Since the situation became too dangerous, police and
security forces abandoned several migration camps in
Tripoli's southern suburbs. In the camps, hundreds of
migrants were left locked up without food or water.
In addition, a riot broke out at a prison on the
outskirts of Tripoli and 400 prisoners managed to escape.
The country's health ministry stated at the end of
September that at least 115 people had died and around 400
were injured in the fighting since the beginning of August.
After several broken ceasefires, the unity government in
Tripoli asked the UN to release the policy and instead focus
on basic security. They wanted the United Nations action
UNSMIL, which is a special political effort, to be
transformed into an effort to support Libya's security and
stability, according to TT News Agency. Then, UN envoy
Ghassan Salamé said in a statement that the unrest in
Tripoli meant that the planned elections in December could
not be carried out until next year.
At the same time, migration flows continued through Libya
towards Europe, albeit on a smaller scale than last year.
Media reported in May that the number of refugees arriving
by boat to Italy from Libya had decreased by 80% since the
summer of 2017. The decline occurred, among other things,
after Italy, where 700,000 refugees and migrants arrived
since 2013, signed an EU-backed agreement with Libya on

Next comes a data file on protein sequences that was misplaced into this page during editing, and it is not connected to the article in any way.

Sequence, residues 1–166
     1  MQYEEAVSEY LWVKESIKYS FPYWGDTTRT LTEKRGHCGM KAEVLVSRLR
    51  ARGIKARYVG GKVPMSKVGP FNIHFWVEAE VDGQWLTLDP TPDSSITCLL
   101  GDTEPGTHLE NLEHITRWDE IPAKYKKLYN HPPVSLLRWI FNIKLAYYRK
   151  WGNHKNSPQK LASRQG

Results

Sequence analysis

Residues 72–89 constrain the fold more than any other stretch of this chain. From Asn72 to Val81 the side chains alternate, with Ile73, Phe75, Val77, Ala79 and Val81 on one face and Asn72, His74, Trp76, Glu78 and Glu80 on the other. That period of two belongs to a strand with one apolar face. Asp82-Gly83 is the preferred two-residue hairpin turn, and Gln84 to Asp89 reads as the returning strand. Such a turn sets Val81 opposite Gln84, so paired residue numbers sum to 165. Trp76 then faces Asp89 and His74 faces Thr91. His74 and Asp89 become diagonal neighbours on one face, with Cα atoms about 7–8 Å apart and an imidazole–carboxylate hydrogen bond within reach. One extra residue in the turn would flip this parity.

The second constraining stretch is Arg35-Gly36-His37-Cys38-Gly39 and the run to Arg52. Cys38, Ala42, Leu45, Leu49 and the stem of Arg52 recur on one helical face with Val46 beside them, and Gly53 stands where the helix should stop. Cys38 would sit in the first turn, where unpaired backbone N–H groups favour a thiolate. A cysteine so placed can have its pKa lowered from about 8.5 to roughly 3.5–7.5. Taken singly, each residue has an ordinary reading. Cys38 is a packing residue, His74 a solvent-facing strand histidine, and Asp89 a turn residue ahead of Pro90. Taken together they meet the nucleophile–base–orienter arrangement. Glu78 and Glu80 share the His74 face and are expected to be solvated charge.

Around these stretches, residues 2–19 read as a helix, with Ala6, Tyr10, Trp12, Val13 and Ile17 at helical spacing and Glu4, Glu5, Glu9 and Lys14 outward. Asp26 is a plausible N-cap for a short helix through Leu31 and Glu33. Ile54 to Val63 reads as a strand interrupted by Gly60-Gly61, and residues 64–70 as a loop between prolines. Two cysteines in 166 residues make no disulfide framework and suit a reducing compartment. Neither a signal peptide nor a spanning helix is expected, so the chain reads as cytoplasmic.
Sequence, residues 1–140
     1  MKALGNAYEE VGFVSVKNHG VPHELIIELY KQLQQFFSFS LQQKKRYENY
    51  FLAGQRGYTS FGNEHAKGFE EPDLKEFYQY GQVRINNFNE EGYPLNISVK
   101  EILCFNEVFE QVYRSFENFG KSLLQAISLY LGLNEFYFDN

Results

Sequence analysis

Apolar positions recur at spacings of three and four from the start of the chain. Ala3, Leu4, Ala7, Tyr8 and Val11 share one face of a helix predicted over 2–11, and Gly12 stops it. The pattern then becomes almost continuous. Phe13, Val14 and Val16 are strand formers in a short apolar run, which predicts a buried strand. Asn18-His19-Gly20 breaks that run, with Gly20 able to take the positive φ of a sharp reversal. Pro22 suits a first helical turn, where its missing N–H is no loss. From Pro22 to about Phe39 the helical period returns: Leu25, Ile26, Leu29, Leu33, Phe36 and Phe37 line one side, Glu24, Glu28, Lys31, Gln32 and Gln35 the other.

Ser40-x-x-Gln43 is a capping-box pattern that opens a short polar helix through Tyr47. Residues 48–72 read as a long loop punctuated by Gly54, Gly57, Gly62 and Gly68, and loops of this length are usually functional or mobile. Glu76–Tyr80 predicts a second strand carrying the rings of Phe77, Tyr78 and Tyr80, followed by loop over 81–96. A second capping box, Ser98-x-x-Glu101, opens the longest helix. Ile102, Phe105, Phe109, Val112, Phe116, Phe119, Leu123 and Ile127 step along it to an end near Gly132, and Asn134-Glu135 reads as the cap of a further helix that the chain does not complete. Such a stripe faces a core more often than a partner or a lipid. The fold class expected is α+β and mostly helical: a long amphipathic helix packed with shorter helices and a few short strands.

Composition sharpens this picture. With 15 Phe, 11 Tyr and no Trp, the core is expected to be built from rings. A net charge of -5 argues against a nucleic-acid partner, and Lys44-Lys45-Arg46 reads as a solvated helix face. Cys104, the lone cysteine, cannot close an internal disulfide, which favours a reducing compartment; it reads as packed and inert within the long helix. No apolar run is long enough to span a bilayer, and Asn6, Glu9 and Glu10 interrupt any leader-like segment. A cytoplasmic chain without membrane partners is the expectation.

preventing boats with migrants from leaving the coast of
Further statistics showed that 20 of the government's 53
migrant camps had been closed as the number of migrants
detained in them had dropped from 27,000 to just over 5,000
since May 2017. This is stated by Mohammed Bishr, who is
leading Libya's measures against illegal migration. The
reason was that thousands of migrants were returned to their
home countries by the International Migration Organization
IOM, among others.
At the same time, many migrants were held in human
smugglers' camps. According to representatives of the
migrants, they are raped and tortured by smugglers, who also
squeeze them for money.
More than 100 East Africans fled from one of the camps in
May. The camp was located near the town of Bani Walid which
has developed into a center for human trafficking in
migrants. During the flight, East Africans were shot at by
smugglers and several were taken to hospitals.
In June, an EU summit was held where migration was
discussed. Prior to the meeting, several proposals were made
for asylum camps in and outside the EU. Among the proposed